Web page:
Adam Smith Blog

Graphic detail

The state of the climate in 2016

AS UN climate talks in Marrakesh enter their final few days, leaders have a lot on their minds. Political support for a green agenda will wane in America next year. Barack Obama has led international environmental-protection efforts; Donald Trump plans to oppose them. The switch comes just as a new report from the World Meteorological Organisation, a UN body, confirms that this year is virtually certain to be the hottest ever recorded—stealing the title from 2015. This will mean that 16 of the 17 most sweltering years ever tracked have occurred since the millennium.

Global temperatures this year are about 1.2 degrees Celsius above pre-industrial ones—dangerously close to the warming limit of 1.5C that politicians hope to achieve, as agreed during last year’s round of talks in Paris. Particular hot spots include Arctic regions, which are heating up at twice the rate of the…Continue reading

A Trump trade agenda

“WE DON’T win at trade,” Donald Trump frequently told supporters during his presidential campaign. America, he claimed, was “getting killed” by China, Mexico and Japan. On the campaign trail, pundits often dismissed such trade-bashing rhetoric. In particular, his comments about Japan—which by his reckoning sells America cars “by the millions” but buys “practically nothing” in return—were mocked as an outdated throwback to the 1980s. But with just weeks to go until he enters the White House, Mr Trump’s trade policies must be taken seriously. And they are no laughing matter.

Mr Trump has long argued that American firms are victims of a rigged trading system. To even the playing field, he has pledged to impose a 45% tariff on imports from China, which he said manipulates its currency to gain an unfair advantage. He has also promised to slap a 35% tariff on goods from Mexico, a destination for outsourced American jobs. The president-elect has vowed to renegotiate existing agreements like the North American Free Trade Agreement, which he called the “worst trade deal ever”, and to pull…Continue reading

Diabetes is no longer a rich-world disease

EVERY six seconds a person somewhere in the world dies as a consequence of diabetes, according to estimates by the International Diabetes Federation (IDF). In 2015 5m lives were lost to the disease, more than were claimed by AIDS, tuberculosis and malaria combined. Moreover, the toll is rising faster than forecasters have expected. Nearly half of these deaths are among people younger than 60. In parts of Africa, where the condition is much less likely to be diagnosed, that share is more than four-fifths.

The rise of diabetes has been misjudged repeatedly. In 1995 the World Health Organisation estimated that 135m 20- to 79-year-olds had diabetes, and that this figure would more than double in three decades. But reality outpaced this stark projection by a huge margin: just twelve years later the number of people with diabetes had already nearly doubled. Since then, the rise of diabetes has been so steep that prevalence closed in on projections even faster. In 2015, the estimated global prevalence had reached 8.8%, nearly double that in 1995. By 2040, the IDF reckons that a tenth of humanity will have the condition. Already, diabetes gobbles up 12% of health…Continue reading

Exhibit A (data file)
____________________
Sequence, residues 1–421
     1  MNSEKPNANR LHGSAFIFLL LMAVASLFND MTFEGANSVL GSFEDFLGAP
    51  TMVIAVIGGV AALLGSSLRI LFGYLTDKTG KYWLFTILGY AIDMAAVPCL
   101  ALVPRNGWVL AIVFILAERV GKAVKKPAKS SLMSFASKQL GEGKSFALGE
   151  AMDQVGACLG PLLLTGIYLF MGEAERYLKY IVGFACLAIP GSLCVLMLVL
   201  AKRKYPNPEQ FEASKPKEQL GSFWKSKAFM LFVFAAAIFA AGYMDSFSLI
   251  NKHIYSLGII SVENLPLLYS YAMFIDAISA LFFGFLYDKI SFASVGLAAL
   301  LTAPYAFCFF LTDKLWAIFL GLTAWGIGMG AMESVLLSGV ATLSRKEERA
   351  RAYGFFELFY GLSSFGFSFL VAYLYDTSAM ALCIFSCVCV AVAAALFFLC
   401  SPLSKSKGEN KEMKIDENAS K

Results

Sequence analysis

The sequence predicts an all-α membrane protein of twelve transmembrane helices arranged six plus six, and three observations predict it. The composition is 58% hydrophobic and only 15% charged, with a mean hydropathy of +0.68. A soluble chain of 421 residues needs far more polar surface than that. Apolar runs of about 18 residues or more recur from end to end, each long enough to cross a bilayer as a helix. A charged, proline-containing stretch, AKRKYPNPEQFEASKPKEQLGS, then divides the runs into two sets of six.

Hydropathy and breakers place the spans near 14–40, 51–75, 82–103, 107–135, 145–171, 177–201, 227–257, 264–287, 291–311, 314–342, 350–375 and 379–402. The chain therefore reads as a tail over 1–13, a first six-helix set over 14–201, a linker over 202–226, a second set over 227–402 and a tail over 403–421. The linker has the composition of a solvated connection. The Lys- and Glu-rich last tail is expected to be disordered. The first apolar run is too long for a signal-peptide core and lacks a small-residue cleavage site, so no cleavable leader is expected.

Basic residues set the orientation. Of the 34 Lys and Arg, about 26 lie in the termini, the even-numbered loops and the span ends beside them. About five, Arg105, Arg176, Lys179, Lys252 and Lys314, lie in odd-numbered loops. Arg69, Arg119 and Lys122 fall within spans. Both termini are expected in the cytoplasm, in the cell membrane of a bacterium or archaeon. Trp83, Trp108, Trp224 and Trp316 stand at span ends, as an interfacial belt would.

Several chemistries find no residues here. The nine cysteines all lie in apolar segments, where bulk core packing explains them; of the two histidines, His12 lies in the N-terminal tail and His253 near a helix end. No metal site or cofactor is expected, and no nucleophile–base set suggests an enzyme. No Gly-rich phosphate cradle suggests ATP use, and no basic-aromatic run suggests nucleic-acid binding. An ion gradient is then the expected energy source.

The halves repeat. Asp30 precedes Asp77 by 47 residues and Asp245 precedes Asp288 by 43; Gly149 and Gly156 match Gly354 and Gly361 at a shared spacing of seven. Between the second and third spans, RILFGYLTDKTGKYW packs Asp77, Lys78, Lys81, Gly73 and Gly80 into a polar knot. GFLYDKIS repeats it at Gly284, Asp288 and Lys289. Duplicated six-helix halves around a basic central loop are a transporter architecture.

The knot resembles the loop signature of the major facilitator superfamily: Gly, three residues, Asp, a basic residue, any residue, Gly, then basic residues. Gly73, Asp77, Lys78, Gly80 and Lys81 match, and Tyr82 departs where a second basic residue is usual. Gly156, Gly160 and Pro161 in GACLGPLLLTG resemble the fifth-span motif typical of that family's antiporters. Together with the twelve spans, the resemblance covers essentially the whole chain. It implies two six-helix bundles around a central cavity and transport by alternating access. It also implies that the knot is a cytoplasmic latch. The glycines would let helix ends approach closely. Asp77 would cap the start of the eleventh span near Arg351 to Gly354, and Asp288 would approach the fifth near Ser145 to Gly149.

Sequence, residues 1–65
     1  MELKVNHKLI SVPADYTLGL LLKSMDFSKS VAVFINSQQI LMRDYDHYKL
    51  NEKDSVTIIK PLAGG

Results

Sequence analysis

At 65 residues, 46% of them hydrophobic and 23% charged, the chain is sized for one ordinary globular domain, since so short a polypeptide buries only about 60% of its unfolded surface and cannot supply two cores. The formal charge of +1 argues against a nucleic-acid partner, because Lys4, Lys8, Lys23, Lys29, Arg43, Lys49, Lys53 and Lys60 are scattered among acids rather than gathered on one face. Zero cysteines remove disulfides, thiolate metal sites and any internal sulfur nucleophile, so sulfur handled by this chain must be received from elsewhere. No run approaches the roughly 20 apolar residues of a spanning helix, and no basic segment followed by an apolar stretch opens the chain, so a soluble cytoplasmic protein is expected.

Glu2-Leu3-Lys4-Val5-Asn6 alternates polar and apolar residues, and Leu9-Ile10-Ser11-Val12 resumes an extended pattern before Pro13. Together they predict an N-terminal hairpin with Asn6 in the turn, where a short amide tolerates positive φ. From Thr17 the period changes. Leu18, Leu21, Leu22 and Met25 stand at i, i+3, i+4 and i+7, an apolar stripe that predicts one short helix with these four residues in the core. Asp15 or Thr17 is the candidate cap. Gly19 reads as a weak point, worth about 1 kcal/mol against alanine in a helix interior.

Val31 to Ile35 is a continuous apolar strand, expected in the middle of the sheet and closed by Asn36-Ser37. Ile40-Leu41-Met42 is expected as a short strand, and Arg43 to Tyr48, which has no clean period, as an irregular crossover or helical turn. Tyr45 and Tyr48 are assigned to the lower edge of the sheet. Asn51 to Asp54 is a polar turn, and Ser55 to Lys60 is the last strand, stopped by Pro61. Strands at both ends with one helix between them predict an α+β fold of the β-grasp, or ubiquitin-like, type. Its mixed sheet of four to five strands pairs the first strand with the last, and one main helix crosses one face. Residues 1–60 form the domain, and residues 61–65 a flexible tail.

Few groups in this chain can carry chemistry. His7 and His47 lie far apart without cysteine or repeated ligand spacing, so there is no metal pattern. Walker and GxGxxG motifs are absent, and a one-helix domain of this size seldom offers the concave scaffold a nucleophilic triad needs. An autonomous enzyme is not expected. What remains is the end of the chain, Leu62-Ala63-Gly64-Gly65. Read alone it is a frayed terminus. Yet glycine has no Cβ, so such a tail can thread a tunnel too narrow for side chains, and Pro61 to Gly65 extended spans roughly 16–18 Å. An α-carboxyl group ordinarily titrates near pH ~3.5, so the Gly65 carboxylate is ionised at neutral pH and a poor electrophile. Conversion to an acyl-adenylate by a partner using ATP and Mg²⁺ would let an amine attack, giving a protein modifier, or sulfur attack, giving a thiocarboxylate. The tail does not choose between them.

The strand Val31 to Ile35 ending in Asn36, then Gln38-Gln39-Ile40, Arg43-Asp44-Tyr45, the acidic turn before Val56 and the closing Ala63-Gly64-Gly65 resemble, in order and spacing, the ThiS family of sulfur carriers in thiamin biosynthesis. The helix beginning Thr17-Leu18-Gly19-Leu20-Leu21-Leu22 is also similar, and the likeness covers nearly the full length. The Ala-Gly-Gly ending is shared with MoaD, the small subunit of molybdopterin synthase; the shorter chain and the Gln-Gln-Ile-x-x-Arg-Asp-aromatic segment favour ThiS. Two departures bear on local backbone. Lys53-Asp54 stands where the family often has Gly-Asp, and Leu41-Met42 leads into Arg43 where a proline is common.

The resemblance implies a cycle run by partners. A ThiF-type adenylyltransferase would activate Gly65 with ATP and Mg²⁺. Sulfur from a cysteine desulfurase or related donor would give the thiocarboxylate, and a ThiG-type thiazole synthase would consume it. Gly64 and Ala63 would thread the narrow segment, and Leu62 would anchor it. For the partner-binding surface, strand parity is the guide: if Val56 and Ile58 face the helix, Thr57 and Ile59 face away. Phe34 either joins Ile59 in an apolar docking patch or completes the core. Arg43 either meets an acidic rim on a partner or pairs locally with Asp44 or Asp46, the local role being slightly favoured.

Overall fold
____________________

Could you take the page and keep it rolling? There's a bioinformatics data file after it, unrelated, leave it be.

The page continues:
A country divided by counties

MORE Americans voted for Hillary Clinton than for Donald Trump on November 8th, and it wasn’t particularly close: once all the ballots from the West Coast are counted, she is expected to win the popular vote by 1m-2m. But her supporters were inefficiently concentrated in already-blue states like California and Maryland. Mr Trump, in contrast, banked his votes where he needed them: in closely divided Florida and North Carolina, and above all in the Midwest, where Iowa, Ohio, Wisconsin, Pennsylvania and (probably) Michigan all swung from blue to red, the latter three by the narrowest of margins.

As our map (above) of America’s voting patterns on a county-by-county basis going back to 1952 makes clear, Mr Trump’s gains were concentrated in rural areas across the northern United States. Republicans have long held the edge in America’s wide-open spaces, but never has the gap been this profound: a whopping 80% of voters who have over one square mile (2.6 square km) of land to enjoy to themselves backed Mr Trump. As the scatter plot below demonstrates, as counties become increasingly densely populated,…Continue reading

Where the polls went wrong

THE national presidential polls were actually not too far off. RealClearPolitics, a polling aggregator, had Hillary Clinton winning the popular vote by three percentage points. With votes still being tallied, she currently looks poised to win by roughly one. Unfortunately for her, a two-percentage point polling miss can make all the difference in a tight race. Polling errors in states tend to be correlated with misses by demographic, meaning that if a state is off in one direction, similar states will follow. Mrs Clinton’s two-point polling slip cost her dearly in the “Rust Belt”, a collection of states surrounding the Great Lakes characterised by manufacturing-oriented economies that have been decimated by globalisation.

For months, Donald Trump has claimed that he would excel in the region. However, pundits had little reason to believe him as polls had him behind in most of the area. On election night, Mr Trump’s thesis was validated as he went on to win the states of Wisconsin and Pennsylvania, despite polling that claimed otherwise. He also came close in Minnesota, and seems to poised to even take Michigan.

Polls underestimated Mr…Continue reading